Thus, at the time the parties’ predecessors-in-interest died, the bank was already the absolute owner of the properties. There is no basis for the petitioners to claim a co-ownership between them and the respondents because no right as to the subject property could have been transmitted to them by the death of their predecessors-in-interest, the Spouses Ignacio Dela Peña and Engracia Rivera. Victoriano Dela Peña, et al. vs. Spouses Vicente Alonzo, et al., G.R. No. 172640, July 3, 2009.

Property’ cancellation of land patent. Abandonment or neglect, as a ground for the cancellation of an emancipation patent or certificate of land award, according to Castellano v. Spouses Francisco, requires a clear and absolute intention to renounce a right or a claim, or to abandon a right or property coupled with an external act by which that intention is expressed or carried into effect. Intention to abandon, as held in Corpuz v. Grospe, implies a departure, with the avowed intent of never returning, resuming or claiming the right and the interest that have been abandoned. It consists in any one of these conditions: (1) failure to cultivate the lot due to reasons other than the non-suitability of the land to agricultural purposes, for at least two (2) calendar years, and to pay the amortizations for the same period; (2) permanent transfer of residence by the beneficiary and his family, which has rendered him incapable of cultivating the lot; or (3) relinquishment of possession of the lot for at least two (2) calendar years and failure to pay the amortization for the same period. None of the instances cited above obtains in this case.  Petronila Maylem vs. Carmelita Ellano and Antonia Morciento, G.R. No. 162721, July 13, 2009.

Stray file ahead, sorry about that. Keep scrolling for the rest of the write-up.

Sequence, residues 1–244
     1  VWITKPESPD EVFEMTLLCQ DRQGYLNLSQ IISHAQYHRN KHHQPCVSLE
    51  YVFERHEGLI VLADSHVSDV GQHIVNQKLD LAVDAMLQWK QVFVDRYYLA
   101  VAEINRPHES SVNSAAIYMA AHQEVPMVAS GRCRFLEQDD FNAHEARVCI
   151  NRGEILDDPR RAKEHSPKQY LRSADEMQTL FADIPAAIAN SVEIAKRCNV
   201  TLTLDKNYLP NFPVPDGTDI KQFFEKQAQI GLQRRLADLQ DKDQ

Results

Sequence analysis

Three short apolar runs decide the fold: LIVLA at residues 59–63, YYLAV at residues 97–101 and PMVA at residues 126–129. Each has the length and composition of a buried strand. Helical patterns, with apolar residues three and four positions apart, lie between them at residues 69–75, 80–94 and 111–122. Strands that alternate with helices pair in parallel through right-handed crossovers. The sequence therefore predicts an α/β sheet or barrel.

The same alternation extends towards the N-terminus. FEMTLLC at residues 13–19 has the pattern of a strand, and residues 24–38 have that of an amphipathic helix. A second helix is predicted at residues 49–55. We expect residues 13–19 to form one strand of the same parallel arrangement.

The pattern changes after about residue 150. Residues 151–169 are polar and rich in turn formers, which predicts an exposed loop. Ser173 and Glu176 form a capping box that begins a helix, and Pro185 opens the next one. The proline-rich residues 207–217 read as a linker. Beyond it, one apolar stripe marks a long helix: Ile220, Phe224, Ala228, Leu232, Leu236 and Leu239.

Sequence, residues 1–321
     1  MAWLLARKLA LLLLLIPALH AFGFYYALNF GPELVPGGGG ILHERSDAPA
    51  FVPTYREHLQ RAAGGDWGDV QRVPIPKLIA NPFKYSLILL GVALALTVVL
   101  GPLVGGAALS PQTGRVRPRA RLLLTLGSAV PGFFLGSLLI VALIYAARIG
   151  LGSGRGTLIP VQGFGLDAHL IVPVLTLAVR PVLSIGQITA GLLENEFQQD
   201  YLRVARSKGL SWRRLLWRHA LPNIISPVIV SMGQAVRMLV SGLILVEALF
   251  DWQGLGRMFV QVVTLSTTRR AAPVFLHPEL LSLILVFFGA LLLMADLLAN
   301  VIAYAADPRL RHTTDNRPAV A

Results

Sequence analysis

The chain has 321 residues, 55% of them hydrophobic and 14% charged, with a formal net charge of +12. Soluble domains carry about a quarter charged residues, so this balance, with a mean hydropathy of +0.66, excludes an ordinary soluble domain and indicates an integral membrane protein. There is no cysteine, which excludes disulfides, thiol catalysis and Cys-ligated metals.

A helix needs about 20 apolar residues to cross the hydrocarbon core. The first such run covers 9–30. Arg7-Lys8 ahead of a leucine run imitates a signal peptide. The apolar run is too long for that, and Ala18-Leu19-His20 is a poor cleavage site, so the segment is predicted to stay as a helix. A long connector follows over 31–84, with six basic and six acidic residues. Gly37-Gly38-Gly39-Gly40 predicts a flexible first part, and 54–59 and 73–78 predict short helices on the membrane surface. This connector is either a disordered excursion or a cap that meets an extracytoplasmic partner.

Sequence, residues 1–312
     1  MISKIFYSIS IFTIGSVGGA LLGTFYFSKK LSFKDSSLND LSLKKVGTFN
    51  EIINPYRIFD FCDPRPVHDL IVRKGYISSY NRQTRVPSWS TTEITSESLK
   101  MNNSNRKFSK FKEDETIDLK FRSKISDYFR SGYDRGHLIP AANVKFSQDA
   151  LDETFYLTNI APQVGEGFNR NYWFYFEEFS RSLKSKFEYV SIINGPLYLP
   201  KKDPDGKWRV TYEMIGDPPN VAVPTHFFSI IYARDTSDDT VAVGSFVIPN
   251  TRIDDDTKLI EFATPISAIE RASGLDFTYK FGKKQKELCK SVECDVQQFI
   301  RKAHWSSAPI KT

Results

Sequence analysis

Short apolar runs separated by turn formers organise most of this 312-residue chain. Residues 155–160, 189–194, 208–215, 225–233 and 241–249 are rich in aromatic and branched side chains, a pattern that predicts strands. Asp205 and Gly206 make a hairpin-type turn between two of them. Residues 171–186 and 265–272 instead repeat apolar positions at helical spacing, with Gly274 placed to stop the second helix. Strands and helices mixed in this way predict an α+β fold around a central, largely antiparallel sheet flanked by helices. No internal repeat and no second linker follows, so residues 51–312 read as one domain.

Property; easement. An easement or servitude is “a real right constituted on another’s property, corporeal and immovable, by virtue of which the owner of the same has to abstain from doing or to allow somebody else to do something on his property for the benefit of another thing or person. There are two sources of easements: by law or by the will of the owners. In the present case, neither type of easement was constituted over the subject property.

In its allegations, respondent claims that Caruff constituted a voluntary easement when it constructed the generating set and sump pumps over the disputed portion of the subject property for its benefit. However, it should be noted that when the appurtenances were constructed on the subject property, the lands where the condominium was being erected and the subject property where the generating set and sump pumps were constructed belonged to Caruff. Therefore, Article 613 of the Civil Code does not apply, since no true easement was constituted or existed, because both properties were owned by Caruff.

Also, Article 624 of the Civil Code is controlling, as it contemplates a situation where there exists an apparent sign of easement between two estates established or maintained by the owner of both.  It can be inferred that when the owner of two properties alienates one of them and an apparent sign of easement exists between the two estates, entitlement to it continues, unless there is a contrary agreement, or the indication that the easement exists is removed before the execution of the deed. Privatization Management Office vs. Legaspi Towers 300, Inc., G.R. No. 147957, July 22, 2009.

Property; easement. An easement is a real right on another’s property, corporeal and immovable, whereby the owner of the latter must refrain from doing or allowing somebody else to do or something to be done on his property, for the benefit of another person or tenement. Easements are established either by law or by the will of the owner. The former are called legal, and the latter, voluntary easements.